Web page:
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Madrid: Families angry at terror verdicts

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MADRID, Spain (AP) — They’d been longing for justice for more than three years
and instead got what they call a gut punch of acquittals and convictions on lesser
charges.

People who lost parents, children or spouses in the 2004 Madrid train bombings
plan to appeal the verdicts and sentences handed down Wednesday by Spain’s National
Court.

“It was like a slap in our face,” Jesus Abril, who lost his 19-year-old
son Oscar, said of the verdicts.

Three Muslims were charged with masterminding the bombings of four crowded
commuter trains at rush hour, which killed 191 people and wounded more than
1,800. None was convicted of the main charge of mass murder, and one was acquitted
altogether.

Two of those alleged ringleaders and two others also facing murder charges
were convicted of the lesser charge of belonging to a terrorist organization.
Rather than sentences of nearly 38,000 years as sought by prosecutors, some
got terms of 12 years. And of nine Spaniards charged with supplying stolen dynamite
for the attack in exchange for drugs and cash, five walked free. Altogether,
of 28 people tried, seven were acquitted for lack of evidence.

Abril, a 54-year-old former teacher, attended each of the 58 trial sessions,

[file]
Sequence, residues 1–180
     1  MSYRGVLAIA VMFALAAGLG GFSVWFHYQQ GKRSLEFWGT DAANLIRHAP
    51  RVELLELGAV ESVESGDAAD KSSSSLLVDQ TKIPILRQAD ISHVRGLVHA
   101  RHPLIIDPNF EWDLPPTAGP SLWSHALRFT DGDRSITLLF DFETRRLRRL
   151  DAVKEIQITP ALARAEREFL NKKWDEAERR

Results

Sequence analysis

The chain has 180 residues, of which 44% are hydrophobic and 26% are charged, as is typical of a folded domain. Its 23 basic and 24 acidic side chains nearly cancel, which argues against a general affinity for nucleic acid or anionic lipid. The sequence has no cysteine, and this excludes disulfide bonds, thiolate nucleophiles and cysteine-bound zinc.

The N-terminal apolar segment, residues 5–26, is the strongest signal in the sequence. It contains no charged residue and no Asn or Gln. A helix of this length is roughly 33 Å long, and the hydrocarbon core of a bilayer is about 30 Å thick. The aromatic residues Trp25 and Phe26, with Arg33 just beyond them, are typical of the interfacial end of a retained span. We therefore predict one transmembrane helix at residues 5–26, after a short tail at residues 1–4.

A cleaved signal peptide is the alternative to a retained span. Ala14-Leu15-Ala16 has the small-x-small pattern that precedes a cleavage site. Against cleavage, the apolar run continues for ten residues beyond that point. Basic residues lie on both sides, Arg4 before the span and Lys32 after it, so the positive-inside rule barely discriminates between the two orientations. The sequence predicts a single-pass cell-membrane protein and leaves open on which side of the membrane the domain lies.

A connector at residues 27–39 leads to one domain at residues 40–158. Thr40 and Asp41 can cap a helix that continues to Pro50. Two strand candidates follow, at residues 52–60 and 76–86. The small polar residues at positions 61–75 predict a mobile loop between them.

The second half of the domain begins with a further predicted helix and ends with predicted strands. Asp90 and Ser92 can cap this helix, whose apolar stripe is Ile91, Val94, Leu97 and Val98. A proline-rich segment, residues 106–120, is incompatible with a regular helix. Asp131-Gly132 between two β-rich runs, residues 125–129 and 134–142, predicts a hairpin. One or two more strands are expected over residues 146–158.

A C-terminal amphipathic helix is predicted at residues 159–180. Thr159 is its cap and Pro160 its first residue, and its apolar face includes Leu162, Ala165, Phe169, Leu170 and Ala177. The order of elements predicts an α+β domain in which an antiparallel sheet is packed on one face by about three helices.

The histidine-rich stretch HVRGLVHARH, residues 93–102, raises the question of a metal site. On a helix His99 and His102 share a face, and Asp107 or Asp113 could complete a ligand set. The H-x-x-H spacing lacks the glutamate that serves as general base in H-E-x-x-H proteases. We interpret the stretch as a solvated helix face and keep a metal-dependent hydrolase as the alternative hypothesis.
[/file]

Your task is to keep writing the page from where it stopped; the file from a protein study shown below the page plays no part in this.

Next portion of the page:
and was in court to hear the verdicts. He and others whose loved ones died in
the maelstrom of explosions and burning metal on March 11, 2004, said they could
not believe the decisions read by Judge Javier Gomez Bermudez.

“Some of us were crying, hysterical, angry. Others were speechless,”
Abril said Thursday. “The general response was to think how easy, how cheap
it is to kill in Spain.”

Abril represents the March 11 Association of Terrorism Victims. Its president,
Pilar Manjon, whose 20-year-old son was killed in the bombings, the verdicts
and sentences weak.

“I don’t like it that murderers are going free,” she said Wednesday.

The verdicts returned by the three-judge panel said the Muslim suspects who
stood trial, along with seven purported ringleaders who blew themselves up to
avoid arrest, wanted to wage holy war.

It described the plotters as “members of terrorist groups or cells which
… through the use of violence in all of its manifestations, seek to topple
democratic regimes and eliminate the Christian-Western culture, replacing it
with an Islamic state under the rule of the sharia, or Islamic law, in its most
radical, extreme and minority interpretation.”

Under Spanish law, Manjon’s association was able to take part in the judicial
probe and trial in a sort of friend-of-the-court capacity. It plans to appeal
at least some of the verdicts to the Supreme Court.

The association will study the 700-page ruling with lawyers and decide what
specific decisions to appeal, Abril said.

“Some of the suspects, who we thought would get the maximum punishment,
received sentences that are just short of laughable,” he said.

He added, however, that the survivors feel lucky to have even seen the case
go to trial and end in some convictions. “Other victims of terrorist attacks
and in other countries don’t have this,” Abril said.
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Interior Minister Alfredo Perez Rubalcaba defended the verdict, but said he
understands if victims feel shortchanged and want to appeal.

“The courts have made an effort to do their job, which is to offer victims
some kind of reparation, because unfortunately at this time there is little
else we can offer,” he said.

Source URL: http://www.cnn.com/2007/WORLD/europe/11/01/madrid.trial.ap/index.html?iref=newssearch